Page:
Recommendation 11–3 The Act should provide for a defence of necessity.
11.41 The ALRC recommends a defence of necessity be available under the new tort to protect individuals and organisations from liability where they had a reasonable belief that their conduct in invading the plaintiff’s privacy was necessary to prevent an imminent and greater harm, and where that conduct was a reasonable response to the situation. This defence will usually arise where the conduct was a response to an imminent danger or emergency, but may also be based on a semi-permanent state of affairs, where no other action could reasonably be taken to prevent the harm. This defence should be in line with the common law defence of necessity.
11.42 The defence of necessity operates in existing areas of Australian tort and criminal law and several stakeholders supported a defence of necessity.
11.43 Situations of public emergency, where emergency service professionals need to access the private information of at-risk or vulnerable persons, may give rise to this defence. This necessity may arise, for example, where an individual has indicated an intention to self-harm and mental health professionals or emergency services obtain or disclose private information. It may also arise where a doctor is called to a school and needs to reveal private information about a child’s vaccination record or a contagious disease or condition in dealing with an urgent situation.
11.44 The Australian Subscription Television and Radio Association (ASTRA) argued that the defence should be formulated in the following way: that the conduct was ‘considered by the person acting to be reasonably necessary to eliminate or reduce a possible health, safety or security risk to themselves or another person’.
11.45 Guardian News and Media Limited and Guardian Australia noted that, while a defence of necessity would be unlikely to apply to media organisations, there may be some situations where such a defence may be required:
There are nevertheless some times when the appropriate public or private body does not disclose information which it may be in the public interest to disclose in aid of public safety and the media discloses.
11.46 Several stakeholders opposed the inclusion of a defence of necessity, or were concerned at what conduct it might excuse. Australian Pork submitted that the inclusion of such a defence would mean ‘that any person infringing the rights may do so on the basis of a value judgement rather than a legal or public good basis’.
11.47 However, existing law on the defence of necessity indicates that the belief of the defendant as to the necessity of their actions must be reasonable. It has been suggested that the same latitude should be given to someone acting out of necessity as is given to someone acting in self-defence: that is, it will not matter if their belief in the necessity is mistaken, as long as it is reasonable.
11.48 In the new tort, as with other intentional torts, the defence of necessity may apply in both public and private settings. Public necessity may involve ‘invading the rights of private individuals in order to protect the community at large’, such as taking action to prevent a fire spreading.
11.49 A defence of private necessity would operate when the defendant commits a tort towards the plaintiff in order to protect persons or property (either their own, or a third party’s) against the threat of imminent harm. It does not matter if the altruist fails to achieve the objective, as long as the attempt was reasonable:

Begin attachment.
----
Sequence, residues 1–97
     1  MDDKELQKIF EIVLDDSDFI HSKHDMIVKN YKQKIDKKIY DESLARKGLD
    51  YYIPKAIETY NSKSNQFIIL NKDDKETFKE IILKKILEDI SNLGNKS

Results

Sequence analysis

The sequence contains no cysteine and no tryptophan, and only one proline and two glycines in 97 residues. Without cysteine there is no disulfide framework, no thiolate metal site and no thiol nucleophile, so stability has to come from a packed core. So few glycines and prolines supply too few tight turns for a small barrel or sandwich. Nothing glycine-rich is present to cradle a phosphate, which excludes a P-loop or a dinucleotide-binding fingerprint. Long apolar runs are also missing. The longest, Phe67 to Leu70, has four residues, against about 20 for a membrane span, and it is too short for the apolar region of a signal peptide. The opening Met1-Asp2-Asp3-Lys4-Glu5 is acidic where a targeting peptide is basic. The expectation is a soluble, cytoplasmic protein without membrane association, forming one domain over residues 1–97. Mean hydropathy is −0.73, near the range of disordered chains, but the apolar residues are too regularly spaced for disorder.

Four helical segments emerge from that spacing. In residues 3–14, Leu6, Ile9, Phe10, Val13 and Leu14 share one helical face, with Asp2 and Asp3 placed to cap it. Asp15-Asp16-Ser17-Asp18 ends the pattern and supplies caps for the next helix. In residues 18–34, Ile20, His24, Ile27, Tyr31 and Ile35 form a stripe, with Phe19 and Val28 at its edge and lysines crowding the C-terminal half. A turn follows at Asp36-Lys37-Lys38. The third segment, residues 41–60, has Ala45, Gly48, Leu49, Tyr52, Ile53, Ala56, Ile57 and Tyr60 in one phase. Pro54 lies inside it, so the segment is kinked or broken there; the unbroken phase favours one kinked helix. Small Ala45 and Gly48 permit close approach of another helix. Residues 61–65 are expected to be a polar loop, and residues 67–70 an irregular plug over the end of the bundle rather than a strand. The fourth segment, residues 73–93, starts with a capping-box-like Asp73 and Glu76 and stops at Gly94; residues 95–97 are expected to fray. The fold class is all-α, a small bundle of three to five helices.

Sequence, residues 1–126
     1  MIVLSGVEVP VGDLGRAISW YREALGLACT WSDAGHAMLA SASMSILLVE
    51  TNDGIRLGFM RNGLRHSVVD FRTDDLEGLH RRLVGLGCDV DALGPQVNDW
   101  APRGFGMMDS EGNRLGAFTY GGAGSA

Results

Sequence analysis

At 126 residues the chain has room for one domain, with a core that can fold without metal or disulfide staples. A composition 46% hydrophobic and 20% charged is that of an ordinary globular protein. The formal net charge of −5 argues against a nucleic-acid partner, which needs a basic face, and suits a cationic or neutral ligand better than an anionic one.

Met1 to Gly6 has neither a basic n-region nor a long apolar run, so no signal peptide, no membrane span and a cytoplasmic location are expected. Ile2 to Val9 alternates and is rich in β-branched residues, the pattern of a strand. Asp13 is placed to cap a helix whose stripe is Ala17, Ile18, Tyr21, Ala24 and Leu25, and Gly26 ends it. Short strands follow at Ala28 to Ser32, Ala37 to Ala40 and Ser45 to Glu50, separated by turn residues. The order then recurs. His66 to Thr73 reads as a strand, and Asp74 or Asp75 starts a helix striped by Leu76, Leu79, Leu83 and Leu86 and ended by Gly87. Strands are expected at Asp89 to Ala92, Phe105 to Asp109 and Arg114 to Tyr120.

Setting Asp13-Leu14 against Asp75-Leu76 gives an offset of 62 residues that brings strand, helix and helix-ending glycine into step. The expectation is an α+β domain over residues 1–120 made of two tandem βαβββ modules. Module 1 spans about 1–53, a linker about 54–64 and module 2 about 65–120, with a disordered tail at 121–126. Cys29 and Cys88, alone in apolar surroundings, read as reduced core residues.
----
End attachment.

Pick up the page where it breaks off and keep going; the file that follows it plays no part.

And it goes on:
Everyone who acts reasonably in a real emergency for the purpose of saving the goods of another from damage or destruction, whether he derives or is likely to derive any pecuniary advantage from the action or not, or is fulfilling any legal obligation.
11.50 In the context of medical emergencies, courts have explained the proper function of the defence of necessity as justifying the administering of emergency procedures where a patient is not capable of providing consent.
11.51 Considerations relevant to the defence may also be relevant to whether the plaintiff had a reasonable expectation of privacy and in relation to the public interest test, but the ALRC considers that a complete defence of necessity should be available to defendants as in other torts. This will be particularly important for emergency services, law enforcement officers and health professionals.
Balkin and Davis, above n 3, 150.
R v Loughnan  VR 443 .
T Butler, Submission 114; ABC, Submission 93; J Chard, Submission 88; S Higgins, Submission 82; Guardian News and Media Limited and Guardian Australia, Submission 80; News Limited and Special Broadcasting Service, Submission No 76 to DPM&C Issues Paper, 2011.
Telstra suggested the availability of an exemption for emergency services: Telstra, Submission 45.
ASTRA, Submission 99.
Guardian News and Media Limited and Guardian Australia, Submission 80.
Office of the Victorian Privacy Commissioner, Submission 108; Public Interest Advocacy Centre, Submission 105; Australian Pork Ltd, Submission 83.
Australian Pork Ltd, Submission 83.
Kit Barker et al, The Law of Torts in Australia (Oxford University Press, 2012) 63.
Ibid. This is in reference to Ashley v Chief Constable of Sussex Police  2 WLR 975.
Balkin and Davis, above n 3, [6.22].
Ibid. J Goudkamp argues that there is only public necessity and that private necessity is not a tort defence. He treats defence of others’ property as a public justification: James Goudkamp, Tort Law Defences (Hart Publishing, 2013) 116.
Proudman v Allen  SASR 336  (Hannan AJ).
Re F  2 AC 1 .
The defence of necessity is not available where the defendant’s negligence caused the situation: Simon v Condran  NSWCA 338.